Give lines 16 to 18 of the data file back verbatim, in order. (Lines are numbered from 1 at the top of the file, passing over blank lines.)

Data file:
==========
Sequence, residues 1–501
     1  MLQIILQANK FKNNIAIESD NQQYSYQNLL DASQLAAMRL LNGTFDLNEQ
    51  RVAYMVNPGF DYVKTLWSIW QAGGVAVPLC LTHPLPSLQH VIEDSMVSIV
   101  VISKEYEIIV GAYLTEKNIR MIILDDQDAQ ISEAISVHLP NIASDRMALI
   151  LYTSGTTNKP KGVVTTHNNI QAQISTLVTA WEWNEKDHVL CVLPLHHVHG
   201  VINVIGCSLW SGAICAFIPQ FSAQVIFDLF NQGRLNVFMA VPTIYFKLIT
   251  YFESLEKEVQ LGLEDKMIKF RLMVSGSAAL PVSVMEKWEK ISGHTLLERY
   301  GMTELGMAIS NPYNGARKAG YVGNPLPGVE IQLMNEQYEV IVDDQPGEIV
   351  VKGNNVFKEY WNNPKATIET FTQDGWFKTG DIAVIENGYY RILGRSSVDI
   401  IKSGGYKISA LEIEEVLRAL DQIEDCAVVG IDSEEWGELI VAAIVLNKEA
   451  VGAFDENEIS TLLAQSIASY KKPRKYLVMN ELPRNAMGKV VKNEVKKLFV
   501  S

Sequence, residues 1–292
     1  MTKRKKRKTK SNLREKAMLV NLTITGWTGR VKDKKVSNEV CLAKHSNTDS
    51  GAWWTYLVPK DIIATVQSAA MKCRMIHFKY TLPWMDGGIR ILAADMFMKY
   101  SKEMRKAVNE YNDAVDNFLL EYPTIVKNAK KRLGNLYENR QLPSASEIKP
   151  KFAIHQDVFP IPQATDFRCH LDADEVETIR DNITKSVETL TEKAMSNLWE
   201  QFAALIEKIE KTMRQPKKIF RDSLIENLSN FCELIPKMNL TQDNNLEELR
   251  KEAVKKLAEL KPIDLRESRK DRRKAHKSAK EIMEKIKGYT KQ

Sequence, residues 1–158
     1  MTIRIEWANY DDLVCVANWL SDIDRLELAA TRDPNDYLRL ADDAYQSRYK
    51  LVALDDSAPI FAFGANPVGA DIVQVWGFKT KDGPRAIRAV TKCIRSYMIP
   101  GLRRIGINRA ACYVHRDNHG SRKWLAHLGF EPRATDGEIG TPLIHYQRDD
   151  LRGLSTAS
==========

   101  SKEMRKAVNE YNDAVDNFLL EYPTIVKNAK KRLGNLYENR QLPSASEIKP
   151  KFAIHQDVFP IPQATDFRCH LDADEVETIR DNITKSVETL TEKAMSNLWE
   201  QFAALIEKIE KTMRQPKKIF RDSLIENLSN FCELIPKMNL TQDNNLEELR